WESTFIELD – Southampton Road elementary first graders in Terry Mason’s class gave a presentation to School Committee members Monday on how to plant a cranberry bog in a cup.
First graders Madison St. Peter, Talia Marx, Meredith Callini and Cruz Baumann took turns talking about cranberries and their project. Cranberries are one of only three fruits native to North America, in addition to Concord grapes and blueberries. Cranberries don’t actually grow in water, like most people think, but on vines in beds layered with sand, peat, gravel and clay.
Cruz Baumann said the way you can tell if a cranberry is fresh is by whether or not it bounces. Cranberries have pockets of air inside that makes them bounce. If damaged or spoiled, they will not bounce. To demonstrate, Baumann dropped a small cup of cranberries on the chamber floor, to everybody’s delight.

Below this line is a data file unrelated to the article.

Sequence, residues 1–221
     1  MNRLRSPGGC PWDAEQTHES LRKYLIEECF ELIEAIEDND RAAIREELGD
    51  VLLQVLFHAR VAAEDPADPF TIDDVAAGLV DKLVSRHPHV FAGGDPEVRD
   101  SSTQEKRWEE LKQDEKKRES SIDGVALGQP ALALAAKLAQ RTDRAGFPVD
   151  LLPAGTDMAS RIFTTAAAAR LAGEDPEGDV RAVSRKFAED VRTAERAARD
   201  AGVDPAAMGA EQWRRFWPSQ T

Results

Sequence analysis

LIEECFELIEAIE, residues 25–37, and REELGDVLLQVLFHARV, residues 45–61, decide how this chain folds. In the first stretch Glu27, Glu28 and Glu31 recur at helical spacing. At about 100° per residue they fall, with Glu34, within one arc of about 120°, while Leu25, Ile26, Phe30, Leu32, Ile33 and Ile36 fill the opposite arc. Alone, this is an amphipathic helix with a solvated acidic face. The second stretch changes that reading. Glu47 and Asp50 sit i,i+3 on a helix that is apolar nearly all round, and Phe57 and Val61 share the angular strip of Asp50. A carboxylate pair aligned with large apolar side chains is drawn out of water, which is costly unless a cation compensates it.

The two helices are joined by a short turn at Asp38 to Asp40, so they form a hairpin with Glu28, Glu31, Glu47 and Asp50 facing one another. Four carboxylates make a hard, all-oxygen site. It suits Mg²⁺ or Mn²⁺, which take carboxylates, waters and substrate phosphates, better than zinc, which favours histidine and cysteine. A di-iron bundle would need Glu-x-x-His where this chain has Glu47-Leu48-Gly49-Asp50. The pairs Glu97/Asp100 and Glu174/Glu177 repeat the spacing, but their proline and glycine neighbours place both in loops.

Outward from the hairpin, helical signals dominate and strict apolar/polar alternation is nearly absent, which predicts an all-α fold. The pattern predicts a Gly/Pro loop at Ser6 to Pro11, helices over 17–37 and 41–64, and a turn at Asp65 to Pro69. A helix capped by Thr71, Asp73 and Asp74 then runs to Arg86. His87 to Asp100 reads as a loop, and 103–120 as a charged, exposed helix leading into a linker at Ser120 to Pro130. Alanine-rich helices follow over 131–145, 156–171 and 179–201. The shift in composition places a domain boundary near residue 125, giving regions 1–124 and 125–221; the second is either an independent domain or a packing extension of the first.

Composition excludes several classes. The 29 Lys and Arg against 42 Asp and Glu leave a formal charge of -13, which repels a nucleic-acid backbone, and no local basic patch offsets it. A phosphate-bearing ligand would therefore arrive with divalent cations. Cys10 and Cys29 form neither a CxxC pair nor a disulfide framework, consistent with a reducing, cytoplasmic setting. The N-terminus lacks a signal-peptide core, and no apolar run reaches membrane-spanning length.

School Committee members were then invited to come and create a cranberry bog in a cup. Students helped them as they added clay, gravel, peat and sand and planted their vines. They were told if they followed directions and took care of them, including keeping them outside and watered during the winter, the vines would bear fruit next summer.
Mason said that she recently connected with the Makepeace and Ocean Spray cooperative, who provided all the supplies for the project to the class. “I can’t say enough about them,” Mason said.